Jobless Claims in U.S. Increase Less Than Forecast

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Production manager Ernie Miller arranges packaging inside a four foot disco ball box at the Omega National Products manufacturing facility in Louisville, Kentucky, on Sept. 10, 2013. Close

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Production manager Ernie Miller arranges packaging inside a four foot disco ball box at the Omega National Products manufacturing facility in Louisville, Kentucky, on Sept. 10, 2013.

Jobless claims in the U.S. rose less than forecast last week as two states began working through a backlog of applications that were caused by computer-system changeovers.

Applications for unemployment benefits climbed by 15,000 to 309,000 in the week ended Sept. 14 from a revised 294,000 in the prior period, a Labor Department report showed today in Washington. The median forecast of 53 economists surveyed by Bloomberg called for an increase to 330,000. A Labor Department spokesman said it could be a week or two before the state employment agencies are able to catch up on applications.

Looking beyond the latest swings in jobless claims, fewer dismissals would set the stage for larger gains in hiring and growth in consumer spending, which accounts for about 70 percent of the economy. The labor market has shown gradual improvement, according to Federal Reserve policy makers who unexpectedly decided yesterday to maintain stimulus to ensure the economic expansion gains traction.

“The labor market is genuinely improving,” said Brian Jones, senior U.S. economist at Societe Generale in New York. “Even if they’re working through the backlog, these numbers seem to have a little bit more behind them than just processing problems.”

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Thousands of applicants attend a job fair hosted by Tanger Outlets for its November opening on September 17, 2013, in Fort Washington, MD.

Stock-index futures rose, indicating the Standard & Poor’s 500 Index will extend its all-time high, as investors weighed yesterday’s decision by the Fed to prolong stimulus. The contract on the S&P 500 expiring in December rose 0.3 percent to 1,722.7 at 8:37 a.m. in New York.

Economists’ Estimates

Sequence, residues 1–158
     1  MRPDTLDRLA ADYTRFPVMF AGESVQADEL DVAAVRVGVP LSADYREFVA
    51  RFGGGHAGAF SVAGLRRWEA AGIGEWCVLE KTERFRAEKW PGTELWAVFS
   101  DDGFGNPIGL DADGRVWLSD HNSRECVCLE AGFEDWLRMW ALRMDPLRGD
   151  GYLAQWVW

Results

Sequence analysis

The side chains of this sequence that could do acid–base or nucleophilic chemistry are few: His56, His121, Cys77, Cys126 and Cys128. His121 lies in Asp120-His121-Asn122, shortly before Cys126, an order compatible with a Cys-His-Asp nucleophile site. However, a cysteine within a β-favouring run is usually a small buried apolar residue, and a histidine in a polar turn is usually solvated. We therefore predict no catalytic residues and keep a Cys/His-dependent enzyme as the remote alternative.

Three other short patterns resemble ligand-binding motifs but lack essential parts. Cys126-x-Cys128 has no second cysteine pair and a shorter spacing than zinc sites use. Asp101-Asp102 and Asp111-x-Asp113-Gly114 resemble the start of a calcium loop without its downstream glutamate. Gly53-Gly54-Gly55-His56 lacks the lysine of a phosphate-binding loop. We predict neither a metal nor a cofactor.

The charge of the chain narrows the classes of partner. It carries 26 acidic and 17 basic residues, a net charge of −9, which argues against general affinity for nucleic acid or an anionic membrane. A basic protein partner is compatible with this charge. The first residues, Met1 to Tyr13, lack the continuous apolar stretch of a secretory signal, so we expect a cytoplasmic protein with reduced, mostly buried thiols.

Economists’ estimates in the Bloomberg survey ranged from claims of 310,000 to 360,000 after the prior week’s previously reported 292,000 that was the lowest level since April 2006.

Computer-system changeovers by California and Nevada employment agencies were largely responsible for the decline in the first week of September, officials in those states said last week. Filings from California dropped 25,412 in the first week of September, today’s numbers showed.

No states were estimated last week, the Labor Department spokesman said as the figures were released.

The four-week average fell to 314,750, the lowest since October 2007.

The number of people continuing to receive jobless benefits declined by 28,000 to 2.79 million in the week ended Sept. 7. The continuing claims figure does not include the number of Americans receiving extended benefits under federal programs.

Emergency Benefits

Those who have used up their traditional benefits and are now collecting emergency and extended payments were little changed at 1.46 million in the week ended Aug. 31.

The unemployment rate among people eligible for benefits dropped to 2.1 percent in the week ended Sept. 7 from 2.2 percent.

Forty states and territories reported a decrease in claims, while 13 reported an increase. These data are reported with a one-week lag.

Fed officials yesterday refrained from reducing the $85 billion pace of monthly bond buying, saying it needs to see more signs of lasting improvement in the economy. The Fed’s Open Market Committee said in a statement that “labor market conditions have shown further improvement in recent months, on balance, but the unemployment rate remains elevated.”

Survey Period

Last week included the 12th of the month, which coincides with the period the Labor Department surveys employers to calculate monthly payroll data. The four-week average was down from the 330,500 average during the comparable period in August.

Initial jobless claims reflect weekly firings and typically decrease before job growth picks up.

Clothing retailer Uniqlo is among those hiring after announcing fall opening dates for 10 new mall stores in New York, New Jersey, Connecticut and California.

The store is in the process of hiring and training “several hundred” full- and part-time employees at all levels, according to a Sept. 3 statement. Uniqlo is a brand of Fast Retailing Co. Ltd. (9983), a Japanese retail holding company.

To contact the reporter on this story: Victoria Stilwell in Washington at vstilwell1@bloomberg.net

To contact the editor responsible for this story: Christopher Wellisz at cwellisz@bloomberg.net

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